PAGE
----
Why the Trump-Ukraine scandal isn't dominating the news in Ukraine
On Friday an English-language Ukrainian paper called the Kyiv Post made a splash on social media with an arresting front page.Posted — Updated
With a red headline, "Shady Cast of Characters: Engineers of Trump-Ukraine Scandal," the entire front page was filled with photos of everyone allegedly connected to the scandal currently engulfing the Trump administration and Ukraine and which has led House Democrats to look into impeaching Trump.
Under 18 different photos on that front page was commentary on how the individuals — including Rudy Giuliani, Gordon Sondland and Mick Mulvaney — were allegedly tied to the scandal.
The paper's tweet with the front page was retweeted thousands of times.
The Kyiv Post, which is geared toward expats in Ukraine and Ukrainians abroad, is an outlier in the country's media.
Olga Rudenko, deputy chief editor of the paper, said the front page was part of their long running coverage of the scandal.
"A large part of our audience are Westerners, we naturally are at the intersection of the Ukrainian and Western news agenda. That's why Trump's impeachment story has been one of our top priorities," she said in an email.
Former US Ambassador to Ukraine John Herbst said the paper "represents a Western oriented, staunchly pro-reform point of view which I think pretty much gets the story right."
Herbst, now director of the Eurasia center at the Atlantic Council, noted that many media outlets in Ukraine are owned by oligarchs.
"[The Kyiv Post] is by no means the major voice in media in Ukraine," he said.
Elsewhere in Ukraine the impeachment inquiry is not a major headline.
"For the first week or so, there has been a lot of discussion about whether it will hurt Ukraine geopolitically," Rudenko said. "But then the news cycle moved on and this story was overshadowed by local news."
It's not just that there's a lot of other things going on that are demanding more attention, like the war in eastern Ukraine or that a top ally of ex-President Poroshenko was arrested in a corruption case. It's also that there's a bipartisan fear among Ukrainian politicians that their country's centrality in the scandal will hurt Ukraine's relationship with the United States.
"Ukraine's survival as an independent state depends upon strong American support and strong American support is only possible if it's bipartisan," Herbst said. "Ukraine has been a bipartisan issue since its independence. But the impeachment hearings put that in danger."
Ivan Verstyuk, a journalist for the independent publication Novoye Vremya, said Ukraine's biggest fear is that the word "Ukraine" will become a partisan issue in the United States.
"We don't want the average Trump voter to think 'Ukraine is bad' because it brought trouble for their president," Verstyuk said.
As a result, politicians in Ukraine have been keeping quiet on impeachment, Verstyuk noted.
"It's a consensus in Ukraine that Ukraine should not move on and build up on the conflict, and just try to keep it as silent as possible, not to make matters worse," he said.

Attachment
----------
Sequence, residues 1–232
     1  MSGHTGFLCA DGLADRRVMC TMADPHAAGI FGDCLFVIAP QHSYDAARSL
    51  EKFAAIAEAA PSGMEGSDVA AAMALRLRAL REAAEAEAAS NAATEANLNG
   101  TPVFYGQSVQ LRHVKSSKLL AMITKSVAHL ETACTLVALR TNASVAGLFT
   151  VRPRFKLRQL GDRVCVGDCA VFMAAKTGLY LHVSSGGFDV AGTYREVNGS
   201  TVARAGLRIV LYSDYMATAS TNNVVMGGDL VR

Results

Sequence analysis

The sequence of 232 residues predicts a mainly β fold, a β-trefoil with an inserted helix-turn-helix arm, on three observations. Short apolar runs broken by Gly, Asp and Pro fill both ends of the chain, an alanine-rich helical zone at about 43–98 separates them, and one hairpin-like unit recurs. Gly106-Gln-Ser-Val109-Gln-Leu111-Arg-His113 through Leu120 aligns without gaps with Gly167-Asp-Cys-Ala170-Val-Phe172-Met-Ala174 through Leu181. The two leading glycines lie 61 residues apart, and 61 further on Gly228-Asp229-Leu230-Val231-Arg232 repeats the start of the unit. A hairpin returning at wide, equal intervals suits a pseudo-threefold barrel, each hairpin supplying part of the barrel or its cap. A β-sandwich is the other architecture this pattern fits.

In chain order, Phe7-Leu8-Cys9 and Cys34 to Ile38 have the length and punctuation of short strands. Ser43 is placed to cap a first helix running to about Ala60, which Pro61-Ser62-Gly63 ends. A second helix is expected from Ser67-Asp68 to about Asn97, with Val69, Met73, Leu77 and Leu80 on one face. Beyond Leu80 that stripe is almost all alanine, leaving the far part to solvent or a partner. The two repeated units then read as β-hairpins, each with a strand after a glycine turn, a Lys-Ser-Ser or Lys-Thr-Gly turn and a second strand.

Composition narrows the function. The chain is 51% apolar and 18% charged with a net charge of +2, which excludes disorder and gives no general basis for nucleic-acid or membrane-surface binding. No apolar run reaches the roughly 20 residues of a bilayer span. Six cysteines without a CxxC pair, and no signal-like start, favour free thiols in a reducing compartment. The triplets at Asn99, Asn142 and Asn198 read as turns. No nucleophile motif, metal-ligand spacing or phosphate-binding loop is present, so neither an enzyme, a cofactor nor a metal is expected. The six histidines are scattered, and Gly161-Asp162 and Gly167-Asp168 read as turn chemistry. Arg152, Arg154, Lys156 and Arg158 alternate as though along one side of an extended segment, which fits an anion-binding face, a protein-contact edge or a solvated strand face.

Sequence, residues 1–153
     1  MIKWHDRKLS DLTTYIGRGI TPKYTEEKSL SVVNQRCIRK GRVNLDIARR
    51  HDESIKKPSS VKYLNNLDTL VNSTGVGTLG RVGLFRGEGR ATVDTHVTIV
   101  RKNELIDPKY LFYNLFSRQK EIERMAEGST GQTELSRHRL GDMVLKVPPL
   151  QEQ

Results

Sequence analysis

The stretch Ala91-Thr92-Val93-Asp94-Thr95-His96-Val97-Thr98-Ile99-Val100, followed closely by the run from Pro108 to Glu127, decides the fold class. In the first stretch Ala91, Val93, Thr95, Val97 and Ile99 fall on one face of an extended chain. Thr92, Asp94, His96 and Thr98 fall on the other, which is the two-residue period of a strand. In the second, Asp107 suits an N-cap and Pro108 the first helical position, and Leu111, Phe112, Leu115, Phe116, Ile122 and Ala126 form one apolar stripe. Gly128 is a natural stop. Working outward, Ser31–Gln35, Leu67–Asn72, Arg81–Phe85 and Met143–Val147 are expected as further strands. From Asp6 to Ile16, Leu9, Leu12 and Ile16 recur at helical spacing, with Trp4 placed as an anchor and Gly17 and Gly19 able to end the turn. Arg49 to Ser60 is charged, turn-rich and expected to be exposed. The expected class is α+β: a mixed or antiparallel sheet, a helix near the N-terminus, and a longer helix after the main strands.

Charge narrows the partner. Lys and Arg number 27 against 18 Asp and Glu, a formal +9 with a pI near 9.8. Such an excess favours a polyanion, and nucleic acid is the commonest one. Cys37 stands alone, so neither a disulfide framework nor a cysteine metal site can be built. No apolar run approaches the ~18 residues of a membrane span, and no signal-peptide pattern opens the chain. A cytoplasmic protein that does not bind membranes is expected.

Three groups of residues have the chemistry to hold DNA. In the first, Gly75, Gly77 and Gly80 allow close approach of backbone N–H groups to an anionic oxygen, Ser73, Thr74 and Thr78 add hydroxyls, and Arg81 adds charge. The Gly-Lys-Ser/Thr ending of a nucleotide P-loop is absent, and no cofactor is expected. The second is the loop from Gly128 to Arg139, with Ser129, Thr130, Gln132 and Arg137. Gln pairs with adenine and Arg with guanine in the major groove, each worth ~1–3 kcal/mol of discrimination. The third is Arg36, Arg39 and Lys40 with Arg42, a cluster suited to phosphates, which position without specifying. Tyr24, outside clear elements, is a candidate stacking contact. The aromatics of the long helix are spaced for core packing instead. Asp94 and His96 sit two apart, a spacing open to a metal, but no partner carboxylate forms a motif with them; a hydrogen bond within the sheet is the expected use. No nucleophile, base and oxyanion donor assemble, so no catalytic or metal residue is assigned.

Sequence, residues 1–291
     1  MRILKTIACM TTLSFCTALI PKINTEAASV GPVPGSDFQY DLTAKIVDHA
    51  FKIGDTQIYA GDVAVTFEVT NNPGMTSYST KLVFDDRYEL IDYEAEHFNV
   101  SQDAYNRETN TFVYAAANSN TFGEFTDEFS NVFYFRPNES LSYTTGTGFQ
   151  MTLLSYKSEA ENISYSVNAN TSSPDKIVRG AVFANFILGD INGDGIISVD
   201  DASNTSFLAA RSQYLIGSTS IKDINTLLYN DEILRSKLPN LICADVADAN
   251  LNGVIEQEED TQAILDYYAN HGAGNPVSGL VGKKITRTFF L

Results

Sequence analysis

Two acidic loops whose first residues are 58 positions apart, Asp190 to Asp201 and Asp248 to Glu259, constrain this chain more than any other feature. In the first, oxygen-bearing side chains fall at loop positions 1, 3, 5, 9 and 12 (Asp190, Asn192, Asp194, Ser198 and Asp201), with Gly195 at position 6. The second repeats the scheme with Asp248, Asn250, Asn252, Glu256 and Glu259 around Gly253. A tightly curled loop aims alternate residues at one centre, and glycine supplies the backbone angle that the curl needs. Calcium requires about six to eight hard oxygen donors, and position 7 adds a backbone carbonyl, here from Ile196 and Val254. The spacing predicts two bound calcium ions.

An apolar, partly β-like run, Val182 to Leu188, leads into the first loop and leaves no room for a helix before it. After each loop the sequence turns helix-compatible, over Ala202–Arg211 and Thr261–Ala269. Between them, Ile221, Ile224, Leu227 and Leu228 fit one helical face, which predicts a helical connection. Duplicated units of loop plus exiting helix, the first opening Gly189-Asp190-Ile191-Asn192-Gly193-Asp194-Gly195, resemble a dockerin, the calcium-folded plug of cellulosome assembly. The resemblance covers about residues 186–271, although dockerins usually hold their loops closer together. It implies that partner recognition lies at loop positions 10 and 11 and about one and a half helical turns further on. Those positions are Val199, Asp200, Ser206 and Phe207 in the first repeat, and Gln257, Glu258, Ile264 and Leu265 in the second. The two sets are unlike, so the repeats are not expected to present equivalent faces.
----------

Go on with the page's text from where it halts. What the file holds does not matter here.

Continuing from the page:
Christopher Miller, a freelance reporter in Kyiv who has worked for BuzzFeed and Radio Free Europe, said the "presidential administration [in Ukraine] has imposed a policy of silence," with only the president or his chief of staff commenting.
That's not to say Ukrainian media is not covering the matter. When the transcript of a July call between Trump and Ukrainian president Volodymyr Zelensky was released, Miller said, the Ukrainian media focused on Zelensky telling Trump that the prosecutor who would look into the subjects Trump wanted investigated would be "100% my person, my candidate."
That was a problem. Ukraine has been trying, for years, to shake out corruption from its politics, and Zelensky ran on a platform of rooting out corruption, Miller said.
"So to hear him say to Donald Trump that the prosecutor was going to be his man, made him out to be like all the presidents before him who used this position as their own to carry out political vendettas," Miller said.
The media also honed in on Zelensky's comments from the July call that France and Germany are not doing "as much as they should" for Ukraine and that the European Union was not their biggest partner, Verstyuk said.
Ukrainian media is covering the news from the States, Verstyuk said, like the resignations of now-former US Special Representative for Ukraine Negotiations Kurt Volker and US Secretary of Energy Rick Perry, both of whom have ties to the scandal. And the Ukrainians are interested in news about Trump because of how much their country depends on US aid.
"Ukraine follows Trump a lot, it does care about its interests, what kind of politician Trump is," Verstyuk said. "So it's interesting and important for Ukraine society now — it gets a better feeling of what Trump is."
Rudenko said Ukraine has bee in the global headlines for the wrong reasons and should instead by in the headlines because it is "the only country in Europe suffering from war, an invasion."
"This should be the reason for the world to talk about Ukraine," she said. "Unfortunately, what brought Ukraine back to focus was a dirt-digging campaign of the top U.S. officials, fueled by a handful of shady and disreputed Ukrainians who were telling the Americans what they wanted to hear."
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